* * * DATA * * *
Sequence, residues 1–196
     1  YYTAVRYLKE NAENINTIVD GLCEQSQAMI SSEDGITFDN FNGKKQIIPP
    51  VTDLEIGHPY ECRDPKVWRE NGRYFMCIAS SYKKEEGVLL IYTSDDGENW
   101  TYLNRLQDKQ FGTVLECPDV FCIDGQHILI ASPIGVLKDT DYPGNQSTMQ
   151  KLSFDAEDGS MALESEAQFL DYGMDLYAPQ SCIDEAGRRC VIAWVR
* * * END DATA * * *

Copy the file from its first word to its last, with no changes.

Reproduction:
Sequence, residues 1–196
     1  YYTAVRYLKE NAENINTIVD GLCEQSQAMI SSEDGITFDN FNGKKQIIPP
    51  VTDLEIGHPY ECRDPKVWRE NGRYFMCIAS SYKKEEGVLL IYTSDDGENW
   101  TYLNRLQDKQ FGTVLECPDV FCIDGQHILI ASPIGVLKDT DYPGNQSTMQ
   151  KLSFDAEDGS MALESEAQFL DYGMDLYAPQ SCIDEAGRRC VIAWVR